The year 2017 is well into the midpoint by now, but it seems some specters of the past can’t seem to go away so soon. In the preceding years the Mitsubishi Montero Sport has had a rash of bad reputation from casual vehicle owners, due to documented incidents of “sudden unintended acceleration” that has resulted in some units abruptly kicking into gear and smashing into parked cars or walls. Testimony from dedicated Montero owners and the eventual dropping off of SUA cases eventually caused the bad image of the best-selling SUV to fade, but now a new problem being brought up with the vehicles has once again caused the Department of Trade and Industry to step in with a heavy hand.
ABS-CBN News reports that the DTI issued a recall order last Wednesday June 7 for all Mitsubishi Montero Sport units with automatic transmission that were released from a period of 2010 to 2015. This is in light of a perceived defect in the SUV’s pedal displacement. This ties in yet again to the old ghost of the machine, the never- definitely proven defect that is sudden unintended acceleration. But rather than SUA itself, the alleged pedal defects are the new culprits pegged for the various accidents that happened before, something that is most prevalent among Montero Sports that had automatic transmission.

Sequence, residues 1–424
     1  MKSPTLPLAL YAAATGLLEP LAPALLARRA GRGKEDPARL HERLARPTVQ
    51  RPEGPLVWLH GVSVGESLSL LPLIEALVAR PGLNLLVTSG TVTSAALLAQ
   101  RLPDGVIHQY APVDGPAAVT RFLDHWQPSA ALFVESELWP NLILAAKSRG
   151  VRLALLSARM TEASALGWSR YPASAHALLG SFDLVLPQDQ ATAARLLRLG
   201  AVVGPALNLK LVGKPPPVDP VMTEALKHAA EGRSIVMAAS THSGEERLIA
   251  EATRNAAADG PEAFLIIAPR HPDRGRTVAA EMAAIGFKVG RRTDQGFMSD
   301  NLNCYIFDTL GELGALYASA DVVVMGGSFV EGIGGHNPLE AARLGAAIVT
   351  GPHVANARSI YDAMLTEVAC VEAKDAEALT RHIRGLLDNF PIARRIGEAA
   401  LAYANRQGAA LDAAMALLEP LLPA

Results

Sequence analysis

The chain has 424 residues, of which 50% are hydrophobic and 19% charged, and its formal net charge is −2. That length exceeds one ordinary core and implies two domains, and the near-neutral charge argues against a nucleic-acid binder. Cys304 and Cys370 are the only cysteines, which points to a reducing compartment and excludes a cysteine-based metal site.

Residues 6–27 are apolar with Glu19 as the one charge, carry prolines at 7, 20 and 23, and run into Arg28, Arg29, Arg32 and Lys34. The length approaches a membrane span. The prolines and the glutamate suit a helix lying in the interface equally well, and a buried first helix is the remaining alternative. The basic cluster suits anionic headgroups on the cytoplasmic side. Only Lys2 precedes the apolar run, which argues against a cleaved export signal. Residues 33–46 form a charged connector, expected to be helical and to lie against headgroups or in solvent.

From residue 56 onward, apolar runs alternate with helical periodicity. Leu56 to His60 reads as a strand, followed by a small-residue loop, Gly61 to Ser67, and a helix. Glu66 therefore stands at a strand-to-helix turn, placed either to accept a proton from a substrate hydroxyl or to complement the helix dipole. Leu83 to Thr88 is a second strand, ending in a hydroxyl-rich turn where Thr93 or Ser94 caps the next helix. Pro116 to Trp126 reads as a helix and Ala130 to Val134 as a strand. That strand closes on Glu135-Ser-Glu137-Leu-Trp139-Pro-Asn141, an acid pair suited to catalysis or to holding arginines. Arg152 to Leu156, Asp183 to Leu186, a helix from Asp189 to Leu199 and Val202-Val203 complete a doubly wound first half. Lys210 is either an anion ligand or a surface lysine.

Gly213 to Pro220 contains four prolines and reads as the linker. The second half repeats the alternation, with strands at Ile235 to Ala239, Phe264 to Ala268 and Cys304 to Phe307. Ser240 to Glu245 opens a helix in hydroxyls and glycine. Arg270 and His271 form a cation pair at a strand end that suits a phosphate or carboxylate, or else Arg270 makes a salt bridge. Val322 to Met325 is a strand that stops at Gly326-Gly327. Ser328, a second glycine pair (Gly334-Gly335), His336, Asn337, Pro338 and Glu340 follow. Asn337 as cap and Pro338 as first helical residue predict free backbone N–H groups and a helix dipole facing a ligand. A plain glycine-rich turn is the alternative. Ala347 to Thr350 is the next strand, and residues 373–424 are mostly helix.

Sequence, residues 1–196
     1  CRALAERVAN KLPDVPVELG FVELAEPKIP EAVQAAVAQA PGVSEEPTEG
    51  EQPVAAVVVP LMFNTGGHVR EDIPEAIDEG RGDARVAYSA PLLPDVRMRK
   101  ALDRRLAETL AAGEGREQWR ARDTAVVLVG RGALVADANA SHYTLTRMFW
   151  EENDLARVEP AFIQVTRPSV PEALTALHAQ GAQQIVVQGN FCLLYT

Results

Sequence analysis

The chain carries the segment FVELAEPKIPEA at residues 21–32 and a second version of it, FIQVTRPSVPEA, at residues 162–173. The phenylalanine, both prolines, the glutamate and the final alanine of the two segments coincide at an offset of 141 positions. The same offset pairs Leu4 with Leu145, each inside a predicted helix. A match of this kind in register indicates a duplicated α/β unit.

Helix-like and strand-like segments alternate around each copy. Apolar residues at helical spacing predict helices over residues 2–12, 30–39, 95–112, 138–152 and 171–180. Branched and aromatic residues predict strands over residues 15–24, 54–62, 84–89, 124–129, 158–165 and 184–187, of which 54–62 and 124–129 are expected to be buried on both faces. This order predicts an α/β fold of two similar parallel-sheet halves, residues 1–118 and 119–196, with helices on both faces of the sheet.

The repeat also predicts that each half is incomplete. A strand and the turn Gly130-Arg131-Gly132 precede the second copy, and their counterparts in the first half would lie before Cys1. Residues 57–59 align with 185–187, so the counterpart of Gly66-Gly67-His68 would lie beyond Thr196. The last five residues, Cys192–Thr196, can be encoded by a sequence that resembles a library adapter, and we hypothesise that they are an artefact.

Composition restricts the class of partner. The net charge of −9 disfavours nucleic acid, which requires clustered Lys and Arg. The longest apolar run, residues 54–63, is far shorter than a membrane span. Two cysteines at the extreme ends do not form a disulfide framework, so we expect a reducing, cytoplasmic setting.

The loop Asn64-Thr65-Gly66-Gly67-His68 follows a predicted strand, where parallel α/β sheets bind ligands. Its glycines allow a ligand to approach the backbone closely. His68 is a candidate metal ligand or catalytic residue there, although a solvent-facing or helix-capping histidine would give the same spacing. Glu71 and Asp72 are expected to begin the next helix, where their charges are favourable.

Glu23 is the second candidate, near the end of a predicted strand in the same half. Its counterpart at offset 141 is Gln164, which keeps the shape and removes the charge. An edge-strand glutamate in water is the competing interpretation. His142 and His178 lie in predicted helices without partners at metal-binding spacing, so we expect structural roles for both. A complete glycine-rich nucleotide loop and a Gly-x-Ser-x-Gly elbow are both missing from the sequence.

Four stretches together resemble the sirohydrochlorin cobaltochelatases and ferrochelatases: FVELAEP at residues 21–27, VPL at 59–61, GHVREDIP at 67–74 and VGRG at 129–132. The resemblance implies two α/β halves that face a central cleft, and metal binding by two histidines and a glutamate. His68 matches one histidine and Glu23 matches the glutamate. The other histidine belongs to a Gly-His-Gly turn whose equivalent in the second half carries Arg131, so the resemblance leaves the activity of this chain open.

To this end the DTI Adjudication Division has commanded Mitsubishi Philippines to cease and desist from marketing of the 2010-15 Montero Sport AT models. In addition, the car manufacturers are being directed to refund customers who have bought the affected vehicles according to appraised value of their units, and to publicize the recall order within 20 days. Special focus was given by the recall order on all 24 Mitsubishi Montero Sport owners who figured in the SUA incidents, including refunds for their units.
Personally, as the proud and thus-far safe owner of two Mitsubishi Montero Sports, one of which being the model in question, I still stand by my personal opinion of the matter that there’s no serious bug in the SUV’s inner working that have triggered, and attribute the 24 cited cases to most likely be human error. I also happen to have a Fortuner, an Innova and a Hyundai Hatchback in my modest fleet, but nothing for me absolutely beats the pleasure I’ve gotten from driving my older and latest Montero Sports.
I suppose it’s some small cause for celebration to state that the DTI recall order is, as of the latest, not yet final and executory in nature, thanks to Mitsubishi Philippines’ foresight in filing a motion for reconsideration. I shudder to think of having to give up my previous-gen Montero Sport to satisfy a borderline paranoid fear for a surely non-existent bug.
Photo courtesy of autodeal.com.ph